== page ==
Bottom line: if you’re currently using a time clock that accepts swipe cards or badges, simply upgrading to biometric time clocks could result in significant savings.

Optimizing Weekly Schedules with Cost-Conscious Scheduling Software   

Only 45% of employers use scheduling software, although it’s a highly-effective way to ensure your workforce is deployed cost-effectively.

For example, some advanced scheduling software features built-in budget calculators that will tally the costs of a proposed schedule as it’s created, allowing managers to create schedules that makes the most financial sense for any given shift or line.  

In addition, some scheduling software will flag the system if a proposed schedule creates inadvertent overtime—an already-costly labor expense that’s about to become more costly for many employers (keep reading).

Limiting Unintended Overtime with Proactive Manager Alerts

Effective January 1, 2020, 1.3 million more workers will become eligible for overtime, as the Department of Labor’s higher overtime salary threshold goes into effect. If some of your employees fall into this group, now’s the time to put more aggressive OT safeguards in place.

In addition to the overtime flags found in scheduling software, some workforce management systems can actually send managers real-time text and/or email alerts before a worker crosses the overtime threshold, allowing management intervention. Analytics help limit overtime, too.

Generating Analytics that Pinpoint Waste in Labor Costs 

Workforce management analytics take all that everyday data workers and managers enter into their company’s time and attendance system, then manipulates it to offer frsh visibility into workforce behavior. For example, workforce analytics can reveal:

  • Which shifts, lines, or managers are incurring the bulk of overtime costs and how/when it’s occurring.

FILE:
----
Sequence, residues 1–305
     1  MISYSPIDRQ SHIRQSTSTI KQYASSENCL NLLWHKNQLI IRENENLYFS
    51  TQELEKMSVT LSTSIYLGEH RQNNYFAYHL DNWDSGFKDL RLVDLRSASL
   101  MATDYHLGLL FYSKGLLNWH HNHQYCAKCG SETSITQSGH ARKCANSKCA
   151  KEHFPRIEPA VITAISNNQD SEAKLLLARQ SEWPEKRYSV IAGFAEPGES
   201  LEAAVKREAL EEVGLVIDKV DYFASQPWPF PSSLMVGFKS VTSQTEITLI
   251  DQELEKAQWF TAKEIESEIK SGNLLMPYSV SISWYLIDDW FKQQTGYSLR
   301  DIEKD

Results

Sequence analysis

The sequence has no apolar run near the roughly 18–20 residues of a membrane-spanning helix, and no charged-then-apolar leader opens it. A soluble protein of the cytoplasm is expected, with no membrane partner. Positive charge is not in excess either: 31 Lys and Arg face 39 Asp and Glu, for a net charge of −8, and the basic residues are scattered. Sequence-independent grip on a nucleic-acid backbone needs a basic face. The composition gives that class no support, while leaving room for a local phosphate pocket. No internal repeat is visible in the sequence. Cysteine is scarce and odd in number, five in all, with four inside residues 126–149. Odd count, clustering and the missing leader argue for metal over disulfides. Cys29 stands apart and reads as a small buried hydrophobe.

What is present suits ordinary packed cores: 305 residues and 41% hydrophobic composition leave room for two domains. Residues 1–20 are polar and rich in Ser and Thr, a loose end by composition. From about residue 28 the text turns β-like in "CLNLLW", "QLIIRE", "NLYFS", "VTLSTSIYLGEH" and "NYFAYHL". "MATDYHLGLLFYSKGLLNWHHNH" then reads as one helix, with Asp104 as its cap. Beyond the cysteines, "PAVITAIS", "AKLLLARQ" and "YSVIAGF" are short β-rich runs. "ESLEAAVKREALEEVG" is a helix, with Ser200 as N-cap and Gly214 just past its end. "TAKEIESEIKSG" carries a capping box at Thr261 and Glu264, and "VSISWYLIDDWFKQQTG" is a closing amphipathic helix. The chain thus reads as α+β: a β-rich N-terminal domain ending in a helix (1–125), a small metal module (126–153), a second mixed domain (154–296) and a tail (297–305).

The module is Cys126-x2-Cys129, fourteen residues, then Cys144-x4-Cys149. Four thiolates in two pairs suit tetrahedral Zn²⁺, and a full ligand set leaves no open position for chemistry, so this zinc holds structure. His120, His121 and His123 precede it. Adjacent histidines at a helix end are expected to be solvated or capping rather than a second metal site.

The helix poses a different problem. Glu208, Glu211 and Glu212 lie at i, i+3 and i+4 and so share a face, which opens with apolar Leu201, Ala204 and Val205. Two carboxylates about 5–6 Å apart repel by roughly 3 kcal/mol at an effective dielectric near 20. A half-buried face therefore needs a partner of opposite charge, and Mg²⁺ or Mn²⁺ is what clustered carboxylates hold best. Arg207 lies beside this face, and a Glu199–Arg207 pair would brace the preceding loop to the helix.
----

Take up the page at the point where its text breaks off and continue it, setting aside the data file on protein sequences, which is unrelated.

• How actual labor hours and dollars compare to budgeted hours and dollars (and where the deviations are).
  • Which if any managers are editing employee punches or pay rates—a possible indication of time fraud.

In addition, analytics can help you spot a range of wage and hour related compliance violations, eliminating the expense and worry of potential fines and lawsuits.

In summary, advanced workforce management software can help manufacturers cut labor costs, without resorting to layoffs or relying on attrition. It can function as a powerful tool for offsetting tariff hikes and otherwise maintaining profitability during an industry downturn. 

If you’d like to learn more about workforce management software that’s geared to the manufacturing industry, look no further.  EPAY’s advanced workforce management solution has the power to cut your labor costs by up to 5% or more.

Furthermore, our rugged biometric time clocks can withstand the rigors of the factory floor, and our workforce analytics are the most comprehensive you’ll find. Yes, you’ll start seeing results right away. Take a minute to learn more here or start the conversation now by calling 877.800.3729.

Filed Under: Time Tracking Workforce Management Manufacturing Scheduling